$ latrace -A ./hello
10190     _dl_find_dso_for_object [/lib64/ld-linux-x86-64.so.2]  
10190     __libc_start_main(main = 0x40069d, argc = 1, ubp_av = 0x7fffccd35248, auxvec = 0x4006c0, init = 0x400730, fini = 0x7f3d16b21560, rtld_fini = 0x7fffccd35238) [/lib/x86_64-linux-gnu/libc.so.6] {
10190       helloFunc [./libhello.so]  
10190         printf(format = "Hello World, how are you?") [/lib/x86_64-linux-gnu/libc.so.6] {
Hello World, how are you?10190         } printf = 25
10190       __tls_get_addr [/lib64/ld-linux-x86-64.so.2]  
10190       __cxa_finalize(ptr = 0x7f3d1650b030) [/lib/x86_64-linux-gnu/libc.so.6] {
10190       } __cxa_finalize = void

With -A, ltrace uses some configuration files at /etc/latrace.d to define the parameter format for a set of well-known functions such as printf. We can see in the output that, even though helloFunc() takes a parameter, this parameter is not shown in the output (since it is not defined in the configuration files).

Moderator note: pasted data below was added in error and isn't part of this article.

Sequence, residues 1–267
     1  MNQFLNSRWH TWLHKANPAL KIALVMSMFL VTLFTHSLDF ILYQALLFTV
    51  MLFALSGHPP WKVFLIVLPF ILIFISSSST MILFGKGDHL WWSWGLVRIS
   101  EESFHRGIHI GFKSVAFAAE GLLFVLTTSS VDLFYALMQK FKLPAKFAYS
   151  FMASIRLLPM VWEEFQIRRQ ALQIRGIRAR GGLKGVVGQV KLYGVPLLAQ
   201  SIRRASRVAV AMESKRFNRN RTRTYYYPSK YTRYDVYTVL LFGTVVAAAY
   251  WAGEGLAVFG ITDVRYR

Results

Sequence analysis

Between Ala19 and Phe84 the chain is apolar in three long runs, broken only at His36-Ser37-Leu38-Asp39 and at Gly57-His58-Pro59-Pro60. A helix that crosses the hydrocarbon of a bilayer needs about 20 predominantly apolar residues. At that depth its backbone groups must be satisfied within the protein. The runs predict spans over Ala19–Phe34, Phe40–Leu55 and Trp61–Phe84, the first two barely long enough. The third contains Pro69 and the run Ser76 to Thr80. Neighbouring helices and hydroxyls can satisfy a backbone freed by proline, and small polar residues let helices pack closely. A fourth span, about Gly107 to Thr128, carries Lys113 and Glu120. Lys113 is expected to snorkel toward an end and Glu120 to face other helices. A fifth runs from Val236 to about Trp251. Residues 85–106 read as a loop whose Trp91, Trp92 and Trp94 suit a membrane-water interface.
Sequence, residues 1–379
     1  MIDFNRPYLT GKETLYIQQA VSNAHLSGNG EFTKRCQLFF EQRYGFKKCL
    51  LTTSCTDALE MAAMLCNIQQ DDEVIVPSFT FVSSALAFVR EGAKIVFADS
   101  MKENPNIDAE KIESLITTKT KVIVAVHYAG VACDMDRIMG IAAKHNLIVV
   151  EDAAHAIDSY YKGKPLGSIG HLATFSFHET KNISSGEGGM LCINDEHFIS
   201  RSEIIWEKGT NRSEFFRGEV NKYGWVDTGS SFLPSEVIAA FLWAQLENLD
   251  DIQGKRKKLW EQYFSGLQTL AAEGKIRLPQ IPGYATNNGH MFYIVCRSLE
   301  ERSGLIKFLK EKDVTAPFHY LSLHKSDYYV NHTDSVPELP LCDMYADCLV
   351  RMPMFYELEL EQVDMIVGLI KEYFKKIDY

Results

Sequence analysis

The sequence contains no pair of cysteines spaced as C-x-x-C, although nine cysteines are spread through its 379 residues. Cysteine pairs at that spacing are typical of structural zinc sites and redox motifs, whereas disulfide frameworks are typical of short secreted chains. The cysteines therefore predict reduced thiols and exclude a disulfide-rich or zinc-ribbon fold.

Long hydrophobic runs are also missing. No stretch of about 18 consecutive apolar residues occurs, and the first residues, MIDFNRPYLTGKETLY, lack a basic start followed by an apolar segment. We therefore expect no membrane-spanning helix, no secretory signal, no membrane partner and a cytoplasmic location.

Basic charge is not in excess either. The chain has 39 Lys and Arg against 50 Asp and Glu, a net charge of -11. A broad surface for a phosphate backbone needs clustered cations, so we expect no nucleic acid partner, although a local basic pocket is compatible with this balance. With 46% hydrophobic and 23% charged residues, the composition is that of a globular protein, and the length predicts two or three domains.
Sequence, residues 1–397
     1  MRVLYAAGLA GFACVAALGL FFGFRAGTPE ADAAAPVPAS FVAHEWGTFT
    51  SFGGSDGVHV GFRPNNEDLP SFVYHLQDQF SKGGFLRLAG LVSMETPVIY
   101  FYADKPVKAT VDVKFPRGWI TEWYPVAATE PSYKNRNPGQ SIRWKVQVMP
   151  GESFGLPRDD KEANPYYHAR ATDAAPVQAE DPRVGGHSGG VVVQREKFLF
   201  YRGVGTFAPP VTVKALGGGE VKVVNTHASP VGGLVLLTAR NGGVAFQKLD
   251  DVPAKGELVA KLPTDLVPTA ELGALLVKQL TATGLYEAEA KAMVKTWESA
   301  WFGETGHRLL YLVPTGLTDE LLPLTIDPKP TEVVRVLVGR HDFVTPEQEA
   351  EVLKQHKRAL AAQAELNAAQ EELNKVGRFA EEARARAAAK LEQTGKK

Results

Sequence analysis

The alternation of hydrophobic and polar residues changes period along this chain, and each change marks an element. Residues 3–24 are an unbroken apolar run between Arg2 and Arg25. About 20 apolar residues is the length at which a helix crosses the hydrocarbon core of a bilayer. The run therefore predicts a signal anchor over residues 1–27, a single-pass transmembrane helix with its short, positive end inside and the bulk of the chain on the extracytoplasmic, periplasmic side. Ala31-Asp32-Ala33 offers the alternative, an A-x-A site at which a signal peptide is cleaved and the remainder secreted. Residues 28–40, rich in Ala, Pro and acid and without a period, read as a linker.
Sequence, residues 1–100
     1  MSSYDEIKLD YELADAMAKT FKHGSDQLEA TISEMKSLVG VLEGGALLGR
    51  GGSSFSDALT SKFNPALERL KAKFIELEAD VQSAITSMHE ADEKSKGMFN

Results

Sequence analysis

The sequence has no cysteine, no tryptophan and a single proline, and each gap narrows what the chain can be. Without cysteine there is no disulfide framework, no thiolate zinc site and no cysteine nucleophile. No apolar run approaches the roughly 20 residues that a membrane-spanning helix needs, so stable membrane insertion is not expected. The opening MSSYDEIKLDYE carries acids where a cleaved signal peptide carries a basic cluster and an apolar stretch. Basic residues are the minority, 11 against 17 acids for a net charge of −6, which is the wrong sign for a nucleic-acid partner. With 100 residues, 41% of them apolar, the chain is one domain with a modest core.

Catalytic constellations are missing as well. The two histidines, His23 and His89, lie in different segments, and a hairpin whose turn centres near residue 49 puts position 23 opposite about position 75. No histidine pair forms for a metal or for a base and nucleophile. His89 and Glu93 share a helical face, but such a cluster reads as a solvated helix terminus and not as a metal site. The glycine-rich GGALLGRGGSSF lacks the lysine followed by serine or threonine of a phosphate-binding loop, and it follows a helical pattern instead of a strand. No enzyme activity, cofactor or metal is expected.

We can use the -a option to specify our own argument definition file. An argument definition file is essentially a header file which defines the prototypes for all functions for which the arguments should be displayed in the output. On Ubuntu, the default argument definition files are stored at /etc/latrace.d/headers/, and there is a master file /etc/latrace.d/headers/latrace.h which includes the other header files. We can use the same approach in our own definition file, by first including the master file from /etc/latrace.d/headers/latrace.h and then add the prototypes for each function we want to trace. For our ssample above, the file could look like

#include "/etc/latrace.d/headers/latrace.h"
void helloFunc(const char* s);

Assumed this file is called mylatrace.h, wen can now use the -a option to pass the file to latrace:

$ latrace -a mylatrace.h -A ./hello